Though all the attributes of God are important and dependent on one another, the fact of God’s holiness seems to be the one He wishes us to put emphasis upon. When God revealed Himself to man (Moses, Job, Isaiah, Mount of Transfiguration, etc.) each encounter mentions His holiness. Isaiah called God “the Holy One” more than 30 times. Psalm 99:9 says, “the Lord our God is holy.” Because of His holiness He cannot accept, nor even look upon sin (Habakkuk 1:13).


God’s holiness is manifested in His righteousness. Because He is holy, He is righteous. This attribute of righteousness is the way His holiness is expressed when dealing with men. Psalm 116:5 and Ezra 9:15 say that God is righteous. Many verses declare His righteousness (Exodus 9:23-27; Psalm 129:4; 145:17; Jeremiah 12:1; 1 John 1:9)


God’s sovereignty is how He rules His creation. This is what makes Him free to do what He knows is best for us. Though He is in complete control, He has also given us a free will to obey or reject His leading. The first verse of the Bible says that God does what He chooses to do. The entire first chapter shows God’s authority and sovereignty over His creation. The Bible is full of passages that show God leading or commanding people to do certain things.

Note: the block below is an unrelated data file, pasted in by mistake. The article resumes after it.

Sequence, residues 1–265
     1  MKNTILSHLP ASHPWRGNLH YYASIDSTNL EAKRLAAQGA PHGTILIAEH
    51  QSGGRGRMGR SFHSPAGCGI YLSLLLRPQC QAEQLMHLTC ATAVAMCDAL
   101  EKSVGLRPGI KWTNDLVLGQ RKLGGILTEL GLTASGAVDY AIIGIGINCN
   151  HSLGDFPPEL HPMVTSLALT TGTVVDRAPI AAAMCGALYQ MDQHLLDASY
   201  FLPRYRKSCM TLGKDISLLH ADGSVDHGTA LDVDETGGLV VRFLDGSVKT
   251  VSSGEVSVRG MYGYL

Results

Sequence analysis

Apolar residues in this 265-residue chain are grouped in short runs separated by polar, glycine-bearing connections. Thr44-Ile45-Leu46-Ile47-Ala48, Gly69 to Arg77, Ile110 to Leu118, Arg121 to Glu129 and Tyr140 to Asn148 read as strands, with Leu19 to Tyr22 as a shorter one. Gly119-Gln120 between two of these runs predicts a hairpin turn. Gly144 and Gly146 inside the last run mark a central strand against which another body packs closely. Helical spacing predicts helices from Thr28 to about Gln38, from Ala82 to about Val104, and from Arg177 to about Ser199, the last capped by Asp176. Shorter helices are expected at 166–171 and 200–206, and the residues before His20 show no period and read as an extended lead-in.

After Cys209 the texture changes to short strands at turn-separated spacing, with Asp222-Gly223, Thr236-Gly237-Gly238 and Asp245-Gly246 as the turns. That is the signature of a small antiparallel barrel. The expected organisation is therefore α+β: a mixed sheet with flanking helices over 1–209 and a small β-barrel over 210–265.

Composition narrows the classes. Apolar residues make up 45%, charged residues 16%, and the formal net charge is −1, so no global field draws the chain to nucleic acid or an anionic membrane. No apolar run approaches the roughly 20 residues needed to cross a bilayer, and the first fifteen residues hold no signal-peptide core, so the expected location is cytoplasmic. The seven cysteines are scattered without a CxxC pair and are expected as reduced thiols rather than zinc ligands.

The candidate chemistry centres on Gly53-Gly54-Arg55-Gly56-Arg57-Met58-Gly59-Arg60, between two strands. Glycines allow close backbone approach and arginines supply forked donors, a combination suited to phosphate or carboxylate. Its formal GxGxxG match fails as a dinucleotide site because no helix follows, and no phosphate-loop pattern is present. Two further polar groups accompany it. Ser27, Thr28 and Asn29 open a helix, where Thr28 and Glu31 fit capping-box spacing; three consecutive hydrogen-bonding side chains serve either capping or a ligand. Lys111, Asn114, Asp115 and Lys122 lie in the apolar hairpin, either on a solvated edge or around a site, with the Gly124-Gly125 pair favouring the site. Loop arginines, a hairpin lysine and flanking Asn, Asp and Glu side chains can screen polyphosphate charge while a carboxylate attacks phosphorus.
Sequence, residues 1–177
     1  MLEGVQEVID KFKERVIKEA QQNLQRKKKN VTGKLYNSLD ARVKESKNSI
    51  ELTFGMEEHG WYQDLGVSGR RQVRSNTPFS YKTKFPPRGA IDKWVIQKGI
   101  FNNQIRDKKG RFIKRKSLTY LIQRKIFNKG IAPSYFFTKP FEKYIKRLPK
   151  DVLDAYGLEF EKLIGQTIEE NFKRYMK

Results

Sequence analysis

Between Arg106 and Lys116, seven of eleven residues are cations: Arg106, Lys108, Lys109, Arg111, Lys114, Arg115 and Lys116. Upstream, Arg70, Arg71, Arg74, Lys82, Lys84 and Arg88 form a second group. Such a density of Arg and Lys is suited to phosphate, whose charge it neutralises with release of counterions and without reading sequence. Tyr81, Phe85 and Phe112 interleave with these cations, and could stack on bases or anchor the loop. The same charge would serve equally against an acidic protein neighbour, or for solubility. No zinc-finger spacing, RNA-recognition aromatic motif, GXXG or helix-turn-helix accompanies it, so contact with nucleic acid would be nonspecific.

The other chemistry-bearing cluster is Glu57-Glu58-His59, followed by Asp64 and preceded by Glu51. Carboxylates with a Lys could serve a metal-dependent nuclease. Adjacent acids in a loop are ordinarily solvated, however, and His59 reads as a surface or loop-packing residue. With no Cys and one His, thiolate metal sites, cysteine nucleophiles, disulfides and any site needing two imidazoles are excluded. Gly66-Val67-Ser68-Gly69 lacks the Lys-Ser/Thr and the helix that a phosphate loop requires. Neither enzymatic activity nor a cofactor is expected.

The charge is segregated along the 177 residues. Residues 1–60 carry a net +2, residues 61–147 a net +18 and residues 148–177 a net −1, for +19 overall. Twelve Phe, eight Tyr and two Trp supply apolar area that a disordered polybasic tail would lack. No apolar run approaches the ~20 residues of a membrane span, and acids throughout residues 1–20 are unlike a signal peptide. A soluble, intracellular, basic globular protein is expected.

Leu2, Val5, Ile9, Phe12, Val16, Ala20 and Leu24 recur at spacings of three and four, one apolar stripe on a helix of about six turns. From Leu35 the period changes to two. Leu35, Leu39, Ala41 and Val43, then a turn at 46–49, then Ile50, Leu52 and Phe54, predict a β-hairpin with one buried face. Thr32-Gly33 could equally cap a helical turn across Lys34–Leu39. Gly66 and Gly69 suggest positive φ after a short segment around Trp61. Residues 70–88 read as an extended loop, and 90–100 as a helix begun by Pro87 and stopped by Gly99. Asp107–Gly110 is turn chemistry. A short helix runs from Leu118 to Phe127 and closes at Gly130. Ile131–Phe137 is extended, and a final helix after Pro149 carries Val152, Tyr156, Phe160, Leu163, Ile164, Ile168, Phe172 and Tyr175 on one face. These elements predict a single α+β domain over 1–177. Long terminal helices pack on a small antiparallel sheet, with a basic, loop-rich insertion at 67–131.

If there is one attribute that people love to embrace, it is the fact that God is love. This word encapsulates for us His mercy, grace and loving-kindness. God is not like the deities of other religions who are thought of as angry and hateful. God is loving towards His creatures. He wants to share a personal relationship with us. 1 John 4 talks extensively about God’s love. Not just that God has love, but that He is love.